Commentary

Video etiquette


 

FaceTime with my mother would be better described as ForeheadTime. She loves to use video for our Sunday calls, yet when she does, she always talks into her iPhone as if it’s a speakerphone. As a result, all I see is the top of her head. “Mom. Lower the phone. Mom, I can’t see you,” I must repeat weekly.

Video provides a richer experience compared with telephone. It allows for a deeper, emotional connection. That’s why moms like mine prefer it to telephone conversations. In medicine, video visits are uncommon, but that’s changing as payers are now reimbursing and patients are demanding the service. For many, they offer a far more convenient and still effective method to receive medical care. Psychiatry is an obvious example. Less obvious, but still effective examples, include endocrinology, pediatrics, primary care, surgery (post operatively), and dermatology.

Dr. Jeffrey Benabio

Dr. Jeffrey Benabio

Like the example with my mom, quality of the experience matters, and issues often arise not from the technology, but from the technique. Making eye contact is more difficult on video, and not looking patients in the eye can harm doctor-patient bonding. Here are a few basic tips when using video with your patients:

• Be sure the light source is in front of you. Having windows behind you often puts you in shadow.

• The best place for the camera is at the top of your screen. It’s nearly impossible to look into the camera and see the patient if the camera is next to the screen instead of above.

• Remember, to look directly at the patient, you have to look into the camera. This is tricky and easy to forget.

• Be sure your entire head and upper torso are in the frame. Talking heads can be intimidating.

• When possible, use a headset with a microphone. Headsets help both you and your patient hear better and give the patient an increased sense of privacy.

• Generally speaking, video visits take as long or longer than in-person visits. Remember to be patient as some of your patients may experience technical difficulties. Our IT colleagues have a word for it: “picnic,” which stands for “Problem In Chair Not In Computer.” You should also train your staff to aid you and the patients. For instance, if a patient is struggling with the computer, you might have your assistant help him or her while you move on to the next patient.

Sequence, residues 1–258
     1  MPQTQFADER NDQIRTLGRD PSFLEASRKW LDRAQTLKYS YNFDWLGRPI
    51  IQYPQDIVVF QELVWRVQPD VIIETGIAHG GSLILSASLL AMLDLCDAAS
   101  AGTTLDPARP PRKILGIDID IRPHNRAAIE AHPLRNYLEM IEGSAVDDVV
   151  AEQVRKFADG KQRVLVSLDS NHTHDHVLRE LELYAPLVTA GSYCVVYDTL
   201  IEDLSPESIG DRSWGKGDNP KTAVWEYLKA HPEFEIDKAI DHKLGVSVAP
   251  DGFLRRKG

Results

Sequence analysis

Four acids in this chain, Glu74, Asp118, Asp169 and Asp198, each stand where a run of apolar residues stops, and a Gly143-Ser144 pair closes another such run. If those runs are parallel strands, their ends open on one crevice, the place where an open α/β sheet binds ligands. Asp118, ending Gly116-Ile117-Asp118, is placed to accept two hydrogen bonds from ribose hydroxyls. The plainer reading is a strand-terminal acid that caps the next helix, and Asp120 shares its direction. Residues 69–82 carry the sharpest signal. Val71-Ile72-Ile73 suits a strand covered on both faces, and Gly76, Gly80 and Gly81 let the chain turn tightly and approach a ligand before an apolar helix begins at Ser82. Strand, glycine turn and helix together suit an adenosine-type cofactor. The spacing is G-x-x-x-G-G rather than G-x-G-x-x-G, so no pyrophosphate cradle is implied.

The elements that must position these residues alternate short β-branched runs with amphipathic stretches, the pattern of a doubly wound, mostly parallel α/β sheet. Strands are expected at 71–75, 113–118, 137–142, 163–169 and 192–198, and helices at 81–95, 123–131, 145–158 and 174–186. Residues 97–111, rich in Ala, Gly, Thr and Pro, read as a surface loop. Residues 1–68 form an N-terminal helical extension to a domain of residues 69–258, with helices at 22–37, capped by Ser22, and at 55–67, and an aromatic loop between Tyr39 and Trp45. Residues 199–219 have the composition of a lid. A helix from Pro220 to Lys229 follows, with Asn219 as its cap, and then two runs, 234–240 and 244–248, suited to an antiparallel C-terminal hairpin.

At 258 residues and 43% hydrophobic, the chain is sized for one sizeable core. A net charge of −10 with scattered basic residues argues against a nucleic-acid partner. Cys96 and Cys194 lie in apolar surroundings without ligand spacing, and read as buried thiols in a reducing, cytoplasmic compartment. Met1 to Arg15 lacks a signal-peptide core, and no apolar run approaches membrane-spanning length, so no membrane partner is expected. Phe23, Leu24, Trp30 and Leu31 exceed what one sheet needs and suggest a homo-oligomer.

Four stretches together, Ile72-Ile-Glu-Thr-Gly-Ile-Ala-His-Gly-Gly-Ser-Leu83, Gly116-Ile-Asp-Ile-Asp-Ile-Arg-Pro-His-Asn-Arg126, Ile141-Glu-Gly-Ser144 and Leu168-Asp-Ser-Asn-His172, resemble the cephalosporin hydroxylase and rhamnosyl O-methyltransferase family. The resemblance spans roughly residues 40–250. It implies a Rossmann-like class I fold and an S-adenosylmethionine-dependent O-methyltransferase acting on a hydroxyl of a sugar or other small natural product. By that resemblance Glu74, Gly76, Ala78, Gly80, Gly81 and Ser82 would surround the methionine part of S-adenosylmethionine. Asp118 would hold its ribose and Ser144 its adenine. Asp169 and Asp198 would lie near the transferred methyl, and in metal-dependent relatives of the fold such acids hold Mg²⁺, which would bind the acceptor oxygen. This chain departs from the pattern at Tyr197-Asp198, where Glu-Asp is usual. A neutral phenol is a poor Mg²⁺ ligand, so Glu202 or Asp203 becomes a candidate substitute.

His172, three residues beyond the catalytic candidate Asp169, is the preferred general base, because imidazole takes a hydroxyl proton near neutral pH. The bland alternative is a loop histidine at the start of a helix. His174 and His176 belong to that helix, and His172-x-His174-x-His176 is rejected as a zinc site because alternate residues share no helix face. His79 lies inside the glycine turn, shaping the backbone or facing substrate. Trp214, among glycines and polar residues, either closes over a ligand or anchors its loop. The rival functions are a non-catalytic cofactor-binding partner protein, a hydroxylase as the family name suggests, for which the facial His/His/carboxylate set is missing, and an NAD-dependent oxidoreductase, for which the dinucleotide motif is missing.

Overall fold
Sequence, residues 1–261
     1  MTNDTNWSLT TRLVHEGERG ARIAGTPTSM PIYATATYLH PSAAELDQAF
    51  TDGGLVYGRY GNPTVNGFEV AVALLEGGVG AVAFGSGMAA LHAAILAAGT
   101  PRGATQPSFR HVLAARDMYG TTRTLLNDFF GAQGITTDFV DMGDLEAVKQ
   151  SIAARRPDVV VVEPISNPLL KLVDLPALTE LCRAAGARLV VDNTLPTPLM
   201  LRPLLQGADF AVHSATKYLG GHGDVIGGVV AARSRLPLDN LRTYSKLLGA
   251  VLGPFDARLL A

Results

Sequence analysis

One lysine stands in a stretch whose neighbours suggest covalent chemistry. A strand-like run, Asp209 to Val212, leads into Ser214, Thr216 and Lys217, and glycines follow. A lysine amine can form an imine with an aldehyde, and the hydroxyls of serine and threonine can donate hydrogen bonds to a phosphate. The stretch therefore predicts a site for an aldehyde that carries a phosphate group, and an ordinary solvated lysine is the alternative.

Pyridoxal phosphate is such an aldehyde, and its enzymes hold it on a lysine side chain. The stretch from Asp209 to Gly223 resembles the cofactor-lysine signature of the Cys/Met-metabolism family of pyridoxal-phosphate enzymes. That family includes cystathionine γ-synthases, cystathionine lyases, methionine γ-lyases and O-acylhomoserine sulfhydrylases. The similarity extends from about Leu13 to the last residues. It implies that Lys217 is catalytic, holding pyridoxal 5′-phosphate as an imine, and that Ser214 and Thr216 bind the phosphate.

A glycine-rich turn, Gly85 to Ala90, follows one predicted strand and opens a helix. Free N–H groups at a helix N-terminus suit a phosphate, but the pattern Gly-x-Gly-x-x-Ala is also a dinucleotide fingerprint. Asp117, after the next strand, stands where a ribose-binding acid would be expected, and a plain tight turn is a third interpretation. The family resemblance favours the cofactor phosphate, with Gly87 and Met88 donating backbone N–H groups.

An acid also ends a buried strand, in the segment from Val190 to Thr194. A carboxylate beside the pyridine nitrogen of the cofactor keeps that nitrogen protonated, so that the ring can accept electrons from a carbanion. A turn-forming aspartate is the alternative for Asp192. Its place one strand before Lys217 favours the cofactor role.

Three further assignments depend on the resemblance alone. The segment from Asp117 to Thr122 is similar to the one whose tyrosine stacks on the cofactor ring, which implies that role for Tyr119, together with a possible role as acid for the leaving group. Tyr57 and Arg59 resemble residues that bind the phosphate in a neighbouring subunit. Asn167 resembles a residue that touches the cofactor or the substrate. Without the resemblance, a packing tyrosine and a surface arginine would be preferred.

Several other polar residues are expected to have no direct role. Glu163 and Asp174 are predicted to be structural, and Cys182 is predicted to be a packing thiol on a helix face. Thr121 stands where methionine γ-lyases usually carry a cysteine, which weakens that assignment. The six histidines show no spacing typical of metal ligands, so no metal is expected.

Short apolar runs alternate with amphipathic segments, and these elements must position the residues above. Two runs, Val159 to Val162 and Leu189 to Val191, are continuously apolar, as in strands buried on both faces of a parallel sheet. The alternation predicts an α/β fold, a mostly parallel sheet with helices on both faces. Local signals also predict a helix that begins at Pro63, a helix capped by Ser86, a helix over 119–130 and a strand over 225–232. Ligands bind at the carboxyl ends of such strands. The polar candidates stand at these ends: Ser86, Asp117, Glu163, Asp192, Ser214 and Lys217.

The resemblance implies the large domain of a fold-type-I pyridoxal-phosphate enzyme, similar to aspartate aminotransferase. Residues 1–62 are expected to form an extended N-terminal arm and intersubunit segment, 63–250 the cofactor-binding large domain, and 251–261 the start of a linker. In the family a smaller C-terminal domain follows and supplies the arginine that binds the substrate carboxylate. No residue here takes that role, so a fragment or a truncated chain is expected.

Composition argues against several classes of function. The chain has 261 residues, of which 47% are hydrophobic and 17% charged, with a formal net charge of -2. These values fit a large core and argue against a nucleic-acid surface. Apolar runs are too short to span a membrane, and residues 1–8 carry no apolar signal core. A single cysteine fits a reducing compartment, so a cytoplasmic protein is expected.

• Although the patient can be home, it is best for you to be in your office. It’s possible to do video consults from home, but it is more difficult because you have to ensure that both your technology and your environment are secure and private. Otherwise, you risk violating HIPAA or other compliance requirements.

• Be sure to get the appropriate consent before conducting a virtual visit. In California, it requires only verbal consent, but your state’s requirements might be different.

• As for your appearance, there’s a reason why Kennedy won the Kennedy-Nixon debates. Video does reveal details that you might not want emphasized. A two-day beard might appear hip in person but unkempt and uncaring online. Bold stripes or checks on your shirt sometimes appear distorted, so opt for solids in soft shades. Scrubs are okay, but be sure to check your neckline, particularly as you move about. Whether it’s clothing or accessories, avoid anything overly distracting.

Video visits have had a long, slow ramp-up, but they seem to be gaining momentum. You may not use them in your practice now, but it’s likely we all will someday. Soon.

Dr. Benabio is a partner physician in the department of dermatology of the Southern California Permanente Group in San Diego, and a volunteer clinical assistant professor at the University of California, San Diego. He is @dermdoc on Twitter.

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